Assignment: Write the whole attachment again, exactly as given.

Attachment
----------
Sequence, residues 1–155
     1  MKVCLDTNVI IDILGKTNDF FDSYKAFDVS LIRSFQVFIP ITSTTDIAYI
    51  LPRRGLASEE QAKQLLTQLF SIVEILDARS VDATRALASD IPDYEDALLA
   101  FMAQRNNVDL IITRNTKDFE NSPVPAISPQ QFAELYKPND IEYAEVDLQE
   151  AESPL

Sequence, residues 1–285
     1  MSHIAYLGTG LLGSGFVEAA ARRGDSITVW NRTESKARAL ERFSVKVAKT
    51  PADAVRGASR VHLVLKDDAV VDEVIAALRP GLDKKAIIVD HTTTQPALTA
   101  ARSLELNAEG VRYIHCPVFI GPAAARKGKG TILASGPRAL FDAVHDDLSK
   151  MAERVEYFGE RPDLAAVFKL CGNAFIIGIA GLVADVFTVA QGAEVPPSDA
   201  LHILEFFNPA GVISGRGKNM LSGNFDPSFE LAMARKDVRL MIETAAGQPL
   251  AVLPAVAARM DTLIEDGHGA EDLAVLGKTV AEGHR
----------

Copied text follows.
Sequence, residues 1–155
     1  MKVCLDTNVI IDILGKTNDF FDSYKAFDVS LIRSFQVFIP ITSTTDIAYI
    51  LPRRGLASEE QAKQLLTQLF SIVEILDARS VDATRALASD IPDYEDALLA
   101  FMAQRNNVDL IITRNTKDFE NSPVPAISPQ QFAELYKPND IEYAEVDLQE
   151  AESPL

Sequence, residues 1–285
     1  MSHIAYLGTG LLGSGFVEAA ARRGDSITVW NRTESKARAL ERFSVKVAKT
    51  PADAVRGASR VHLVLKDDAV VDEVIAALRP GLDKKAIIVD HTTTQPALTA
   101  ARSLELNAEG VRYIHCPVFI GPAAARKGKG TILASGPRAL FDAVHDDLSK
   151  MAERVEYFGE RPDLAAVFKL CGNAFIIGIA GLVADVFTVA QGAEVPPSDA
   201  LHILEFFNPA GVISGRGKNM LSGNFDPSFE LAMARKDVRL MIETAAGQPL
   251  AVLPAVAARM DTLIEDGHGA EDLAVLGKTV AEGHR